It’s important to note that SSRF is a complex vulnerability that can be difficult to detect and prevent.
So an IT worker has to stay up-to-date with the latest security practices and tools to protect against these types of attacks.
Server-Side Request Forgery attack by example
In this short hands-on, we will perform a very simple exploit on a badly coded server. This is not a real situation but can help a lot to understand the vulnerability.
What I’m going to do is prepare our Kali Machine in VirtualBox in a way that we have two servers running:
- The first one is the vulnerable application (inside the project’s main directory).
- The second one is a server that shows the content of a secret directory and is only visible from localhost (runs inside a secret directory).
Now let’s create our directories and create the following structure in your lab:
If you have doubts you can find the whole code in the GitHub repository.
The SSRF-vulnerable server
Before writing the code of the vulnerable server we need the IP address, so let’s type on a terminal:
After taking the IP we can write the code of a vulnerable application.
For example, if it was 192.168.1.116 this will be the related code to run a server in LAN on port 8000.
from flask import Flask, request import requests app = Flask(__name__) my_ip = '192.168.1.116' @app.route("/") def index(): url = request.args.get("url") response = requests.get(url) return response.text if __name__ == "__main__": app.run(host=my_ip, port=8000)
Let’s comment a bit on this code, even if it’s self-explanatory.
This application has a single endpoint that takes a URL as a query parameter and makes a GET request to that URL using the requests library. The response from the request is then returned to the user.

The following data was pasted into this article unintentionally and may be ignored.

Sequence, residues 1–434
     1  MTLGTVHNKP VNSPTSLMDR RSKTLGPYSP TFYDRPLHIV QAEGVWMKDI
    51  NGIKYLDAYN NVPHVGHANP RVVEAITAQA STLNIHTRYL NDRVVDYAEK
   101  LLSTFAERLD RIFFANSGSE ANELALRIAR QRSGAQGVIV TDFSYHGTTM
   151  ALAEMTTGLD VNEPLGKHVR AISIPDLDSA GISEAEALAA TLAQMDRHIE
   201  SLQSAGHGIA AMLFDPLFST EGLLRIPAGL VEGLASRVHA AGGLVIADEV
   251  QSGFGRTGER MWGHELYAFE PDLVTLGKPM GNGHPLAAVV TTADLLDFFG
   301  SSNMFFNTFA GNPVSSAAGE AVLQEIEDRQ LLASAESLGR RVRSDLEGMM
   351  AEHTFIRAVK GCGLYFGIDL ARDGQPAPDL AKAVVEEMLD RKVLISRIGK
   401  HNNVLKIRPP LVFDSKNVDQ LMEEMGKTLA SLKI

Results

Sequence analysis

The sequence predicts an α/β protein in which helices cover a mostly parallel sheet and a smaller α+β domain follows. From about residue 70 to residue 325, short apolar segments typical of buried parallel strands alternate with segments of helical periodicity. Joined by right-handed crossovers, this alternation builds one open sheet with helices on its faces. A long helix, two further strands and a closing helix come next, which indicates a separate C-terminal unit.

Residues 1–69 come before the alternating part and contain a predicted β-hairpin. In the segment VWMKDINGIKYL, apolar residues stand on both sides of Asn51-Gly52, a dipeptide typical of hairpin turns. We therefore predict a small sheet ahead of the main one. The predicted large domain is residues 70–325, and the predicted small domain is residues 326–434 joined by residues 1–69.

In this way, we can force the webserver to show us what it can see, even if we don’t have the rights.
We can run the application by typing in our terminal:
If you don’t have flask installed, you should do it with the command:
pip install flask
The vulnerability in this application is that it allows an attacker to craft a URL that points to an internal service but let’s see how to do it.
The Internal Service
I want to make this introduction as simple as possible, so to run an internal service I’m going to use a python internal module: http.server.
We want to run it on localhost on port 8888:
- Open a terminal or command prompt.
- Navigate to the directory “supersecretdir” that contains the flag.
- Type the following command to start the server:
python -m http.server 8888
It’s time to exploit, and if everything is clear, you could do it autonomously. However, I’m going to show the steps:
- Move on your host machine
- Open the browser
- Try to connect to this URL:
And that’s what we get!
So we got access to an internal server that we couldn’t normally access!
As we expected the exploit is working fine!
We have seen just a simple proof of concept even though in real-world scenarios, the vulnerability could be more complex to exploit and prevent. However, I hope this article has been interesting and has provided value to those looking to learn more about Server Side Request Forgery (SSRF).
With the increasing prevalence of web applications and cloud infrastructure, it is more important than ever to be aware of the potential security vulnerabilities posed by SSRF attacks. By understanding the basics of SSRF, its impact, and how to prevent it, we can better protect our systems and data from malicious actors. Remember, prevention is always better than reaction, and by taking proactive steps towards securing our web applications, we can avoid potentially disastrous consequences down the line.